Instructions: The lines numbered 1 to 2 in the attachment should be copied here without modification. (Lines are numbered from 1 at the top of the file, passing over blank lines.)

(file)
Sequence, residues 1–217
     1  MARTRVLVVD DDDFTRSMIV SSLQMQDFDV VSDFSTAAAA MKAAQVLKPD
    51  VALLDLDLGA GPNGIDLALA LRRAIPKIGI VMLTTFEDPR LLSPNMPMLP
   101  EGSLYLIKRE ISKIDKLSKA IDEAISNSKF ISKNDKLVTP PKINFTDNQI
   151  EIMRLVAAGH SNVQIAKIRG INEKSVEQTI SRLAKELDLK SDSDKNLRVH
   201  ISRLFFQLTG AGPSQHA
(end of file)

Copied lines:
Sequence, residues 1–217
     1  MARTRVLVVD DDDFTRSMIV SSLQMQDFDV VSDFSTAAAA MKAAQVLKPD